In these and a thousand ways Sheldon was made aware of how much he was indebted for material prosperity to Joan—to the slender, level-browed girl with romance shining out of her gray eyes and adventure shouting from the long-barrelled Colt’s on her hip, who had landed on the beach that piping gale, along with her stalwart Tahitian crew, and who had entered his bungalow to hang with boy’s hands her revolver-belt and Baden-Powell hat on the nail by the billiard table. He forgot all the early exasperations, remembering only her charms and sweetnesses and glorying much in the traits he at first had disliked most—her boyishness and adventurousness, her delight to swim and risk the sharks, her desire to go recruiting, her love of the sea and ships, her sharp authoritative words when she launched the whale-boat and, with firestick in one hand and dynamite-stick in the other, departed with her picturesque crew to shoot fish in the Balesuna; her super-innocent disdain for the commonest conventions, her juvenile joy in argument, her fluttering, wild-bird love of freedom and mad passion for independence. All this he now loved, and he no longer desired to tame and hold her, though the paradox was the winning of her without the taming and the holding.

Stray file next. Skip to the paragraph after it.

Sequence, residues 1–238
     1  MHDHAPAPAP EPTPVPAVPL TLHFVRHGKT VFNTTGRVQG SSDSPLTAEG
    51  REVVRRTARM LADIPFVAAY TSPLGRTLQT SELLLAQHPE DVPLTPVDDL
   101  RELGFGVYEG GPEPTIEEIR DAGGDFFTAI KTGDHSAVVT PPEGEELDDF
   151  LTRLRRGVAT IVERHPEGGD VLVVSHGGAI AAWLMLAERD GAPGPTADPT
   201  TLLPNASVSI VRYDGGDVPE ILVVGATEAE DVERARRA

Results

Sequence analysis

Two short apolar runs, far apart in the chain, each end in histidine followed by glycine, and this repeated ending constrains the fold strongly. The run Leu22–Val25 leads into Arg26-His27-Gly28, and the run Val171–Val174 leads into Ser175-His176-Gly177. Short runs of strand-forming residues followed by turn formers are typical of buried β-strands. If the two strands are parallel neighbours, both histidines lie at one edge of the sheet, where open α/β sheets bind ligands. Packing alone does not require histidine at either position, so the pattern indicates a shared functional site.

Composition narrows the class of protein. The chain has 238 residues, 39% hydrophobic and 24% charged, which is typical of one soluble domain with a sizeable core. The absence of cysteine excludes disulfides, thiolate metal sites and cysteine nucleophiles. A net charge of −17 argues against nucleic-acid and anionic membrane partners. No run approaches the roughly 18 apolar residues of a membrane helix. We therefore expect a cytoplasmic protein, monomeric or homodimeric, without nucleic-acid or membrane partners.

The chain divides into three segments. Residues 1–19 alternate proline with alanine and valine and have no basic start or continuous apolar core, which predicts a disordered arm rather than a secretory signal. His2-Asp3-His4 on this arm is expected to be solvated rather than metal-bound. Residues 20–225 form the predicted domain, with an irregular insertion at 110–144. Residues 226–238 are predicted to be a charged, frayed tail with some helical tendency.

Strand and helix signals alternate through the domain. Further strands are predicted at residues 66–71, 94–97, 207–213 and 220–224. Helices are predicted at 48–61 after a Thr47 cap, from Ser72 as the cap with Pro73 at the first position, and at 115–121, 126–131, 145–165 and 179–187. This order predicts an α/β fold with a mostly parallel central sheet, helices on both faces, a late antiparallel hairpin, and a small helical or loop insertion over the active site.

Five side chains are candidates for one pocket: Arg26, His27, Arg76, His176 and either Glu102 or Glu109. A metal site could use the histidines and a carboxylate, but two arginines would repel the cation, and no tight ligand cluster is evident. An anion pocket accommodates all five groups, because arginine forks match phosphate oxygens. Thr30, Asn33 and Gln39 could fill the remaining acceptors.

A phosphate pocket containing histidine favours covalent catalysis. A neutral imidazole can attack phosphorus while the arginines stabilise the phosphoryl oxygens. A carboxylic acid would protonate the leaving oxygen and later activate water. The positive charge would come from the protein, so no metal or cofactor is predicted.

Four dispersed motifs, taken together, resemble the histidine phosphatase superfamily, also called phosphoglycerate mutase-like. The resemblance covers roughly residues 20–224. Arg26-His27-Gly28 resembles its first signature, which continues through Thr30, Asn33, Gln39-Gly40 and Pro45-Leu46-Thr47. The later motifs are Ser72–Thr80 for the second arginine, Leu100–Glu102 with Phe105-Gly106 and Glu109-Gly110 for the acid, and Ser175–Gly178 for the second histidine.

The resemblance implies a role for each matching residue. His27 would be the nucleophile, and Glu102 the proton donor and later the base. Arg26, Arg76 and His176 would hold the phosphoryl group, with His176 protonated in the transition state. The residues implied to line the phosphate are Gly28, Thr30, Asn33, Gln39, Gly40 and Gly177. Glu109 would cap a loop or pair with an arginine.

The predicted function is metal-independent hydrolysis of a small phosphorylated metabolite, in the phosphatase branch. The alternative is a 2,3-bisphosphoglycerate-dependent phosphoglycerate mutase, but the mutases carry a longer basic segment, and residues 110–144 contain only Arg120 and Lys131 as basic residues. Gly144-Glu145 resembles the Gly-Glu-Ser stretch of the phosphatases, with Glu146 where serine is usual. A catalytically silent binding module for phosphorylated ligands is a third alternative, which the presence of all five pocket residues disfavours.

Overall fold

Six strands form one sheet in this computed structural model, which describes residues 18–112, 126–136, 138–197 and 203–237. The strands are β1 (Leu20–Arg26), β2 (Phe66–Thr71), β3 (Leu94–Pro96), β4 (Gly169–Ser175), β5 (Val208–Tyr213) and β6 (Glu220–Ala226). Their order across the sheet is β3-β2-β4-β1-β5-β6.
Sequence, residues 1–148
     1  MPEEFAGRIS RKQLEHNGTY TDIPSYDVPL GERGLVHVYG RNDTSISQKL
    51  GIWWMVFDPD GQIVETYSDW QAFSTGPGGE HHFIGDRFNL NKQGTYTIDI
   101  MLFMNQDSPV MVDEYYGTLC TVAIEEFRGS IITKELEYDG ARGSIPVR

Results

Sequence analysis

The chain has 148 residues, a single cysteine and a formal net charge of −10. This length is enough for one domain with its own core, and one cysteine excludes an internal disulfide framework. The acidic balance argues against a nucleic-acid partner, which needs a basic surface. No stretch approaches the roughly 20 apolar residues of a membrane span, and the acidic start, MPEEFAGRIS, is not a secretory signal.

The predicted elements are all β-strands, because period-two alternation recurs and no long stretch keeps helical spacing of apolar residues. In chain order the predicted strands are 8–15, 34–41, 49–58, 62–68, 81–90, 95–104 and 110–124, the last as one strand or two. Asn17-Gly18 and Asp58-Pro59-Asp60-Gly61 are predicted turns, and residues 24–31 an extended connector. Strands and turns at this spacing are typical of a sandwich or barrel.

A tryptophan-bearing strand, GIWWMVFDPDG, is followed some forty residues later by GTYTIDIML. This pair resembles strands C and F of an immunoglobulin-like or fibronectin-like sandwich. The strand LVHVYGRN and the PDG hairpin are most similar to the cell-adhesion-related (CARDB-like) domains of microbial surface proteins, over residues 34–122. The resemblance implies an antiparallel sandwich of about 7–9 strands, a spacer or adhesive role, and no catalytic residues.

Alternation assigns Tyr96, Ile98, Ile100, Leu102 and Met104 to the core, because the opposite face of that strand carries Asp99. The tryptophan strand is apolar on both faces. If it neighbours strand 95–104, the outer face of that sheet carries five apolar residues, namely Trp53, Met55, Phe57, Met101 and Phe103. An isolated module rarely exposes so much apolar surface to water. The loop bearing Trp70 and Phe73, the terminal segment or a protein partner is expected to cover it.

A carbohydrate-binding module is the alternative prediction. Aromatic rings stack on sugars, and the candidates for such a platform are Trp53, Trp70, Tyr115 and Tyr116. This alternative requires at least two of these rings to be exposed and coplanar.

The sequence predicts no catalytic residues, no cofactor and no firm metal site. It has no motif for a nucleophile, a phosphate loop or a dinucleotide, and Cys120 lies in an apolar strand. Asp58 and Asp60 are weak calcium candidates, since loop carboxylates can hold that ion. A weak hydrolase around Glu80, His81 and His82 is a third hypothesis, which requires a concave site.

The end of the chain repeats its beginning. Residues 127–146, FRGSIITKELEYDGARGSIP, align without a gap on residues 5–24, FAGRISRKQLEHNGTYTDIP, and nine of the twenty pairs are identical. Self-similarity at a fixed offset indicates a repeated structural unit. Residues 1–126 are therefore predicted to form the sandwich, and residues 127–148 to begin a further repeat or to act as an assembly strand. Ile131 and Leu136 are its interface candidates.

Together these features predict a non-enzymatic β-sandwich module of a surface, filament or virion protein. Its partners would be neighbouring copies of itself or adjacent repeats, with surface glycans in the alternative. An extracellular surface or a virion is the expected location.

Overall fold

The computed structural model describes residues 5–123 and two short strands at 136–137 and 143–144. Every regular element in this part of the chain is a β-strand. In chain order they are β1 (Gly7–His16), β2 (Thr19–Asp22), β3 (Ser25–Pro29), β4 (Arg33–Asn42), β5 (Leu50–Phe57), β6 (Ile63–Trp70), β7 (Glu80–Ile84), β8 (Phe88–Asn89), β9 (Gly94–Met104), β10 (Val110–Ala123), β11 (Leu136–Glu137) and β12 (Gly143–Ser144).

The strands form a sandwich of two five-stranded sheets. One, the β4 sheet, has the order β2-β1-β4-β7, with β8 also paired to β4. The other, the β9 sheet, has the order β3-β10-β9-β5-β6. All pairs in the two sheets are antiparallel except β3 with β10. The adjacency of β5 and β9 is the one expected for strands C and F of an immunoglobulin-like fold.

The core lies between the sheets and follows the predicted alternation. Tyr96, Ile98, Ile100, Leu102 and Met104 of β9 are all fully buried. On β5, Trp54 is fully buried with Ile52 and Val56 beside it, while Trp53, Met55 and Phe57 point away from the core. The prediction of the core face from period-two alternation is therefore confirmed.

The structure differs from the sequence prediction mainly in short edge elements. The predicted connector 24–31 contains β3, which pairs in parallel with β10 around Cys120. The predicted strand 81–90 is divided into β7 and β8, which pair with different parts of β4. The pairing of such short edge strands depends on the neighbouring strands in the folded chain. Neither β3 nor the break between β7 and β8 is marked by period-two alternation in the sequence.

There were times when he was dizzy with thought of her and love of her, when he would stop his horse and with closed eyes picture her as he had seen her that first day, in the stern-sheets of the whale-boat, dashing madly in to shore and marching belligerently along his veranda to remark that it was pretty hospitality this letting strangers sink or swim in his front yard. And as he opened his eyes and urged his horse onward, he would ponder for the ten thousandth time how possibly he was ever to hold her when she was so wild and bird-like that she was bound to flutter out and away from under his hand.
It was patent to Sheldon that Tudor had become interested in Joan. That convalescent visitor practically lived on the veranda, though, while preposterously weak and shaky in the legs, he had for some time insisted on coming in to join them at the table at meals. The first warning Sheldon had of the other’s growing interest in the girl was when Tudor eased down and finally ceased pricking him with his habitual sharpness of quip and speech. This cessation of verbal sparring was like the breaking off of diplomatic relations between countries at the beginning of war, and, once Sheldon’s suspicions were aroused, he was not long in finding other confirmations. Tudor too obviously joyed in Joan’s presence, too obviously laid himself out to amuse and fascinate her with his own glorious and adventurous personality. Often, after his morning ride over the plantation, or coming in from the store or from inspection of the copra-drying, Sheldon found the pair of them together on the veranda, Joan listening, intent and excited, and Tudor deep in some recital of personal adventure at the ends of the earth.